(Patrick D. Rosso/Boston.com/2012)
An international asset-management firm will provide financial and technical support and mentoring to students at the John Winthrop Elementary School in Dorchester, the city announced Thursday.
The assistance is part of the city's "Adopt-a-School" program. The commitment by Natixis Global Asset Management will last at least through the next school year. The effort will bring more computers, iPads, and SMART Boards to classrooms, and more support for the arts.
“All of us at some point in our lives have had an opportunity where someone went out of their way to help you,” John Hailer, CEO of Natixis for the United States and Asia, said Thursday during the announcement at the school. “Here, we felt like there was an opportunity for us to help a school, which then in turn helps the kids and gives them the opportunity to have a better life.”
School officials said the "adoption" is part of a larger effort to find innovative ways to bolster schools across the city.
“I think this is a rare event,” said Matthew Wilder, a spokesman for the school district. In another example, Fidelity Investments has partnered with Dearborn Middle School in Roxbury.
Wilder said BPS is thrilled that companies are stepping up to the plate.
“This is work that needs to be done and we can’t do it alone and are thrilled we have good corporate partners in the city,” he said.
Principal Laurie Carr said students will now have top-of-the-line technology right in their classrooms, something just weeks ago was a dream for the Brookford Street school.
“We didn’t have the resources to become a 21st century school,” said Carr, who said many of the school’s computers were used ones donated by the police department. “We were told to dream big and we have.”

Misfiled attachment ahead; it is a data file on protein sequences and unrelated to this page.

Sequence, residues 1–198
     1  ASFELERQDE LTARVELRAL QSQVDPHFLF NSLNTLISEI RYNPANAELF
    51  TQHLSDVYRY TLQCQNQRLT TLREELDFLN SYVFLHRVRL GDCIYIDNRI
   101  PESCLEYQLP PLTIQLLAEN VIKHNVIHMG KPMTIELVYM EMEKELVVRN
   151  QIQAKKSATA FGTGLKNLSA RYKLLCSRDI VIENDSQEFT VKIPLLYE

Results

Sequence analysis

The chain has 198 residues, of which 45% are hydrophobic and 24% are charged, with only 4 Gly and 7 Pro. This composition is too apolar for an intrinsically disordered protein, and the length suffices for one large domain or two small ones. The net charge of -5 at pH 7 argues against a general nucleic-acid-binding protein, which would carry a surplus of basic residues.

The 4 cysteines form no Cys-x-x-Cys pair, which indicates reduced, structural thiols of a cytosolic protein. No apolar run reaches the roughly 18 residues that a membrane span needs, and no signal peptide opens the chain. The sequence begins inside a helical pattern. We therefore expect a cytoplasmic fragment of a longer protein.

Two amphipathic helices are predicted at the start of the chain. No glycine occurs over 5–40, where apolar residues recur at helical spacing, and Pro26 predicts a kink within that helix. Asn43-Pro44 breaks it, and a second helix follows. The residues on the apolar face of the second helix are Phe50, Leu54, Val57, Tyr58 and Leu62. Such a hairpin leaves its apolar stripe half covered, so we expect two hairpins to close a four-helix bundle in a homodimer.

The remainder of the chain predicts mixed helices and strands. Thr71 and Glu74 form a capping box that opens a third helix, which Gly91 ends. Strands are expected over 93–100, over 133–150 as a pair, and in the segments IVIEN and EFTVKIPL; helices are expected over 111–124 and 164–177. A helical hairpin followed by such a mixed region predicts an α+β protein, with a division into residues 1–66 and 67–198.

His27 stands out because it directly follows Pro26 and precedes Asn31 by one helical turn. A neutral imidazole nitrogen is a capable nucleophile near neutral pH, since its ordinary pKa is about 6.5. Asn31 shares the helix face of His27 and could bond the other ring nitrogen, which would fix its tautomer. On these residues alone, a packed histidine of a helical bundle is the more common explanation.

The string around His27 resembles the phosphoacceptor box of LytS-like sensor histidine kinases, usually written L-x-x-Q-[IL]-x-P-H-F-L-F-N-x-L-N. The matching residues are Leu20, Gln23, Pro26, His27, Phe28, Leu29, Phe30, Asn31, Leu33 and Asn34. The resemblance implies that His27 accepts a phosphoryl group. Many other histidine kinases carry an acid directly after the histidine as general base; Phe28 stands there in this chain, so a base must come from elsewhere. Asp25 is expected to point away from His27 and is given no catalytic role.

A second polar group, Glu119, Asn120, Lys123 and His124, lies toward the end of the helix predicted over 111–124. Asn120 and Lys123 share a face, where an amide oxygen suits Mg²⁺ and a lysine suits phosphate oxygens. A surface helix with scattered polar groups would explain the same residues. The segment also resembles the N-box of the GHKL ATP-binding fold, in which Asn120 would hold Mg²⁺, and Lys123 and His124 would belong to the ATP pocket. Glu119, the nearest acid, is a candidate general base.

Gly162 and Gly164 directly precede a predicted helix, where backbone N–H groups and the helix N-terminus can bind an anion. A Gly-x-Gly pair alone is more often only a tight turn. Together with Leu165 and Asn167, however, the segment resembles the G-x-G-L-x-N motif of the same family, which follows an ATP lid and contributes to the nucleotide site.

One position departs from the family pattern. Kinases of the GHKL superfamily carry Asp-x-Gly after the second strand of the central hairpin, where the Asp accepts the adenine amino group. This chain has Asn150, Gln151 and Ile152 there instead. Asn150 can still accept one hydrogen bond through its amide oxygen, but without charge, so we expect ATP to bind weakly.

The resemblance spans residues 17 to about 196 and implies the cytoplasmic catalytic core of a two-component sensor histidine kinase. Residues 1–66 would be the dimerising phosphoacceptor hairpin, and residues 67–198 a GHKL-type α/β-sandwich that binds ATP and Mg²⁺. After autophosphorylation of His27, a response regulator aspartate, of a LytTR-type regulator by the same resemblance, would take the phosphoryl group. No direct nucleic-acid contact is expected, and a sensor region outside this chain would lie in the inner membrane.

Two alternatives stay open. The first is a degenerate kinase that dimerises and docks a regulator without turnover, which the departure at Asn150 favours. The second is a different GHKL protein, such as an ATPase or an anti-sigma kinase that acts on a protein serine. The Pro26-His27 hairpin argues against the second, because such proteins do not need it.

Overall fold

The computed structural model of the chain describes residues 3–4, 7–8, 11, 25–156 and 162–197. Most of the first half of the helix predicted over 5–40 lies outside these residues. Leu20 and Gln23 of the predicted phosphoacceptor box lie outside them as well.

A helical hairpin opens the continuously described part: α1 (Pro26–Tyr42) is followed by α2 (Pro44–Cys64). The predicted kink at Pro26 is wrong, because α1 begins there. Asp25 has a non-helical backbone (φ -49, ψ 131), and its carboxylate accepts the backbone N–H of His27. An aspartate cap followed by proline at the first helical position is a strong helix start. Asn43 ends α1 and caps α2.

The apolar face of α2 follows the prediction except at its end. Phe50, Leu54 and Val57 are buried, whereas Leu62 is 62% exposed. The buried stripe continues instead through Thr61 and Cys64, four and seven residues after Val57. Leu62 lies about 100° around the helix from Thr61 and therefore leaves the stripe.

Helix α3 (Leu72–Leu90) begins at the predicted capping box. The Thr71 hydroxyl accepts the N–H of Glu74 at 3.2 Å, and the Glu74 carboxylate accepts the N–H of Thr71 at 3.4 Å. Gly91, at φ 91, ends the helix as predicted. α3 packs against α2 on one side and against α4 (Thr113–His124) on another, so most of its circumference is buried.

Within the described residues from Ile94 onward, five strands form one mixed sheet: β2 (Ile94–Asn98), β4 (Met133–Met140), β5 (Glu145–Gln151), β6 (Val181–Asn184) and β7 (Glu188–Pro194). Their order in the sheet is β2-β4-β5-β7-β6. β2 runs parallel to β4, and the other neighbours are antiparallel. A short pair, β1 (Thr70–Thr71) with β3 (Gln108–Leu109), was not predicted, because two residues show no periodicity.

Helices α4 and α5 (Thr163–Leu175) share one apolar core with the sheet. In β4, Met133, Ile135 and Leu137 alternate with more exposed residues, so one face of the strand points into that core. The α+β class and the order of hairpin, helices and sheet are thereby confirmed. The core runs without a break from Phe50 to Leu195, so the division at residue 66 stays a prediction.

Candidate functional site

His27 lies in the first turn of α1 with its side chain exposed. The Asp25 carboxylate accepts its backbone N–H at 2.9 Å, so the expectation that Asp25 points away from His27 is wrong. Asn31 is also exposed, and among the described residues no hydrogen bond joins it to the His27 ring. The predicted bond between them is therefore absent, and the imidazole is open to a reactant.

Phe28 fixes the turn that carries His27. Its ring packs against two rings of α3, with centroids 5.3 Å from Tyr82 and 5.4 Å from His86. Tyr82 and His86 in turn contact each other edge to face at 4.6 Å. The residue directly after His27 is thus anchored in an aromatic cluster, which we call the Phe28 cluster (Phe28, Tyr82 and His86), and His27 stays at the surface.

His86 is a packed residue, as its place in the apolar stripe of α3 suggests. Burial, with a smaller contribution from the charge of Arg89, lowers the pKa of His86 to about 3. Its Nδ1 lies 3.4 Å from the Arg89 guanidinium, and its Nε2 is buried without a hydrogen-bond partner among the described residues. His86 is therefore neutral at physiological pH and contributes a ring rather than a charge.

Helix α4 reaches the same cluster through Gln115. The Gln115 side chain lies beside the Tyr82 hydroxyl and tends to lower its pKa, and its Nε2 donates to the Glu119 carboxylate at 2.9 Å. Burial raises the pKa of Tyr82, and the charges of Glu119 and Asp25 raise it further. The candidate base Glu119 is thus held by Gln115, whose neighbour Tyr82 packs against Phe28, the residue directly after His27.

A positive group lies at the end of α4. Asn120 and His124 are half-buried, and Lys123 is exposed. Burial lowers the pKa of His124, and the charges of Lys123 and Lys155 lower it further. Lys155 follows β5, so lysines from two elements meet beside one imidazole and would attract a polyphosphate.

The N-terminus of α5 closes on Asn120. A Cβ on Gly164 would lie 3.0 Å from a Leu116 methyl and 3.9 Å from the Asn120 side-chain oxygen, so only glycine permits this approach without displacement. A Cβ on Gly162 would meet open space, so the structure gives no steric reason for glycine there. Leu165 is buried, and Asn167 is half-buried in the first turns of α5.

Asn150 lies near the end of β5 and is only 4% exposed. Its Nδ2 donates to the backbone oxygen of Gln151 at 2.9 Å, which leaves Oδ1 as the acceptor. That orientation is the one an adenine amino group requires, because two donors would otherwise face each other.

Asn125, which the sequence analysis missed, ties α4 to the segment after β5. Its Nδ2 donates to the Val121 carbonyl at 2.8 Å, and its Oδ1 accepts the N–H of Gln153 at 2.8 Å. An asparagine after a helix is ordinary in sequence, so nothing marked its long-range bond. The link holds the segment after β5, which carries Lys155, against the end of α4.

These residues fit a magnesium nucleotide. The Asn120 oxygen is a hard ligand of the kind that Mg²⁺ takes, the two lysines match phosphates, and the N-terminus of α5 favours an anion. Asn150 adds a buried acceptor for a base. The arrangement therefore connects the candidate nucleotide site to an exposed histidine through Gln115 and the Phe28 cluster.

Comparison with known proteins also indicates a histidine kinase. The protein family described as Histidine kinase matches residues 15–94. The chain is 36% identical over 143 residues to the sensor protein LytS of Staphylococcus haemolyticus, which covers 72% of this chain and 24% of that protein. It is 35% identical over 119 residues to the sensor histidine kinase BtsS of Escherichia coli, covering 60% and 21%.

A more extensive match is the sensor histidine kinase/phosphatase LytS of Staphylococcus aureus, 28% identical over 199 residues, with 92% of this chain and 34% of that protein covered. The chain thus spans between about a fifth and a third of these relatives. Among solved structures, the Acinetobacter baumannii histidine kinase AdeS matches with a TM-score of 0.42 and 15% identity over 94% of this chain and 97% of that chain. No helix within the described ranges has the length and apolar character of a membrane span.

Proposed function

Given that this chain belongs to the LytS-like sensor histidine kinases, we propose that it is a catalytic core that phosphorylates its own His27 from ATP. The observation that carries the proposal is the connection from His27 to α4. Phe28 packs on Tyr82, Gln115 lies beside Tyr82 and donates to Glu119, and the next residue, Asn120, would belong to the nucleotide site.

The human capital provided by Natixis employees, who will serve as mentors, will also go far toward boosting student achievement, officials said.
“This is about getting engaged and getting involved,” said Hailer, a Roslindale native. “We like to give money, but we also like to get our people involved. When I was younger it took someone a little older and a little wiser than me to help me and hopefully with this we can make an impact.”
The company said it chose the Winthrop after a lengthy review of Boston public schools because of its “dynamic and engaged principal; motivated teachers, and need for additional resources and support.”
Mayor Thomas M. Menino was at the school Thursday to thank Natixis for its commitment. Menino reminded students that there are groups in the city looking out for them.
“People at Natixis know the Winthrop School is worth investing in,” he said. “By the next school year, students and teachers will see big changes. The Winthrop might be a century old, but Natixis wants to make sure the technology isn’t.”
Over the summer Natixis staff will be working with the school’s administrators, reviewing ways to add technology to the classrooms, expand curriculum, and turn the school into a 21st century educational facility.
“I’ve been working in schools for 20 years and this is the first time I have ever seen something like this happen,” Carr said. “For kids their enthusiasm is going to grow as they start seeing things happen. When people start coming in and are here on a consistent basis that is really going to make a difference.”